A group of us just published an analysis of VMworld (Breaking Down VMworld), and I thought I’d take this opportunity to add some additional color to the analysis. The report is an excellent synthesis of our analysis, the work of a talented team of collaborators with my two cents thrown in as well, but I wanted to emphasize a few additional impressions, primarily around storage, converged infrastructure, and the overall tone of the show.
First, storage. If they ever need a new name for the show, they might consider “StorageWorld” – it seemed to me that just about every other booth on the show floor was about storage. Cloud storage, flash storage, hybrid storage, cheap storage, smart storage, object storage … you get the picture.[i] Reading about the hyper-growth of storage and the criticality of storage management to the overall operation of a virtualized environment does not drive the concept home in quite the same way as seeing 1000s of show attendees thronging the booths of the storage vendors, large and small, for days on end. Another leading indicator, IMHO, was the “edge of the show” booths, the cheaper booths on the edge of the floor, where smaller startups congregate, which was also well populated with new and small storage vendors – there is certainly no shortage of ambition and vision in the storage technology pipeline for the next few years.
Converged infrastructure was another clear standout. As we discuss in our report, VMware’s introduction of EVO is a milestone, and will accelerate the acceptance of pre-integrated solution stacks of all flavors. But the analytical prose again fails to capture the energy – the booths of the two still shiny pioneers of hyperconverged infrastructure, Nutanix and Simplivity, were, to put it in simple terms, mobbed.
But VMware has stuck a major oar in the converged infrastructure waters with its new EVO: Rail offering, and VMware’s community is taking notice. The “EVO Zone”, a space given over to all of the EVO partners – pretty much standing room only at the back-to-back presentations of EVO. While I have reservations about how any of the EVO partners will differentiate themselves in the face of a very strict set of configuration rules dictated by VMware, differentiation may not in fact be needed. Many of these products will move through channels where customer relationships trump differentiation. Another factor to consider is that the VMware specification essentially lowers the R&D bar, and, as was evident from some of names on display in the EVO Zone, smaller ODMs can now sell head to head against the Tier-1 server vendors (who, with the exception of Dell) were conspicuously absent from the EVO Zone.[ii] My considered opinion is that HP, IBM/Lenovo and Cisco need to decide if they want to play, despite considerable investments of their own in CI offerings – the last thing they want is to have a new wave of volume ODMs like Inspur and SuperMicro competing on a suddenly leveled technology playing field for a rapidly growing segment of their customer base.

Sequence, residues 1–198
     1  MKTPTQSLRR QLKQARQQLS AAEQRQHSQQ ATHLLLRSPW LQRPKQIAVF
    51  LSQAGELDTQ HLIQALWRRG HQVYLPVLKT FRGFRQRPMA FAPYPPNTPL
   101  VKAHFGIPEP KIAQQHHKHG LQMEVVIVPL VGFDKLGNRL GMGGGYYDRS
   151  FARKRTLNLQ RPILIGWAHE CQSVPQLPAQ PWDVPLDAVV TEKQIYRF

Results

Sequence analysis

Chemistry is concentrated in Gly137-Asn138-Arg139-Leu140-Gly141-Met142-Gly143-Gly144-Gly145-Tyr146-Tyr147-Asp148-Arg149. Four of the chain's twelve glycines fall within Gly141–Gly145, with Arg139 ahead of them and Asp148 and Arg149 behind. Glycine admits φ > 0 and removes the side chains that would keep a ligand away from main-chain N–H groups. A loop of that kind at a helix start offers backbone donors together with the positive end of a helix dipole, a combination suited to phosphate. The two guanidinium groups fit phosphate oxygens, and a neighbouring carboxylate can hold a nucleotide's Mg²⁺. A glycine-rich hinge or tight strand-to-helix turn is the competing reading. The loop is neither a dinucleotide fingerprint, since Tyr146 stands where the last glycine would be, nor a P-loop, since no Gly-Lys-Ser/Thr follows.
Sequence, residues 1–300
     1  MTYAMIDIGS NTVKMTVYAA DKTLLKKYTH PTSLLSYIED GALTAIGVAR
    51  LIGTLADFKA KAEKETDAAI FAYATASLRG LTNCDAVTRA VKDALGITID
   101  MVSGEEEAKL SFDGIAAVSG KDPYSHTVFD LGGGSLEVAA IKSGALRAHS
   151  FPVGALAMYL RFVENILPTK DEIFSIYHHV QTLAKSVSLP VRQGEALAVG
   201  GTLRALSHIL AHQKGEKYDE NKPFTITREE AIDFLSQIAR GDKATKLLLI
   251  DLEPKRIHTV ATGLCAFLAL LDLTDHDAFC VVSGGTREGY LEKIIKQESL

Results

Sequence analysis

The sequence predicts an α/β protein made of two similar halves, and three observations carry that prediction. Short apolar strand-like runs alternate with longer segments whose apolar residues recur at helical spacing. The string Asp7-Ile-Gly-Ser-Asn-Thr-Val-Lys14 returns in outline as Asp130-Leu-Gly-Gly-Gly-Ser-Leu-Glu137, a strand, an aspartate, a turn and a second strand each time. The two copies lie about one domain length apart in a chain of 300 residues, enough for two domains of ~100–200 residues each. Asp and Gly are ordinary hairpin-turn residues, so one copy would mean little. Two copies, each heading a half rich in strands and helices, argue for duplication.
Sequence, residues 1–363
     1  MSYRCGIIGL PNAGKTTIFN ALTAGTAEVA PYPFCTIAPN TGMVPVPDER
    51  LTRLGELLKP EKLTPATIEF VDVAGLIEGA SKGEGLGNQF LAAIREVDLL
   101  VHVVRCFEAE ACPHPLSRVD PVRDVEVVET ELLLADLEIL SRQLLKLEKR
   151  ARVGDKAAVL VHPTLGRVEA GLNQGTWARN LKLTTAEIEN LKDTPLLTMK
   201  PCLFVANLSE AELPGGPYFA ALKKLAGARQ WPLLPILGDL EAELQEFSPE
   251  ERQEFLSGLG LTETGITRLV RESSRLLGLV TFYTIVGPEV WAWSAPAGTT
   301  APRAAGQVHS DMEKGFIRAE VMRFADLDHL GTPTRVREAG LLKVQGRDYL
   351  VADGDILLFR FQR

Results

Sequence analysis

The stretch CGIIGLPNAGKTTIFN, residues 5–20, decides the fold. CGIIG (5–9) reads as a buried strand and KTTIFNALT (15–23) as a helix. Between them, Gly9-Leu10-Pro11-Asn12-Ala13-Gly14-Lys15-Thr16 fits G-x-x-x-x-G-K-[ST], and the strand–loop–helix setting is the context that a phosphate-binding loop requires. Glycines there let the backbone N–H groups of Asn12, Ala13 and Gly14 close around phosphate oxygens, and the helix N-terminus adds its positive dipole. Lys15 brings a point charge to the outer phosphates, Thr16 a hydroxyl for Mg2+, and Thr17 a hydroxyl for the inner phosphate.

Energy – the best way to describe the event. I’ve been going to lots of trade shows for more decades than I care to count, and the year’s VMworld stands out in my mind as being high-energy in a general sense. I know this is a very soft and qualitative assessment, but the sessions seemed to be well attended, the exhibit floor was mobbed, and VMware had a lot of interesting stuff to communicate. An analyst from another firm commented that he thought that the show was short on real innovations, and that he got a sense that the company as setting the stage for something in the future. I couldn’t disagree more – we are always setting the stage for the future in this business, but at this year’s show VMware dropped a major bunch of stuff on its community and clearly outlined the developing shape of its next couple of years of consolidation of its position as the premier provider of virtualized environments for the emerging age of the customer.
[i] One of my personal highlights of the show was touring the exhibit floor with my colleague Henry Baltazar, storage guru extraordinaire. Henry brings a mind-boggling depth of knowledge to the storage realm, and after spending a couple of hours with him I felt like I almost understood some of te nuances of modern storage.
[ii] The partners in the EVO zone included Dell, EMC, Fujitsu, Inspur, Net One Systems Co. and Supermicro as far as my scribbled notes show.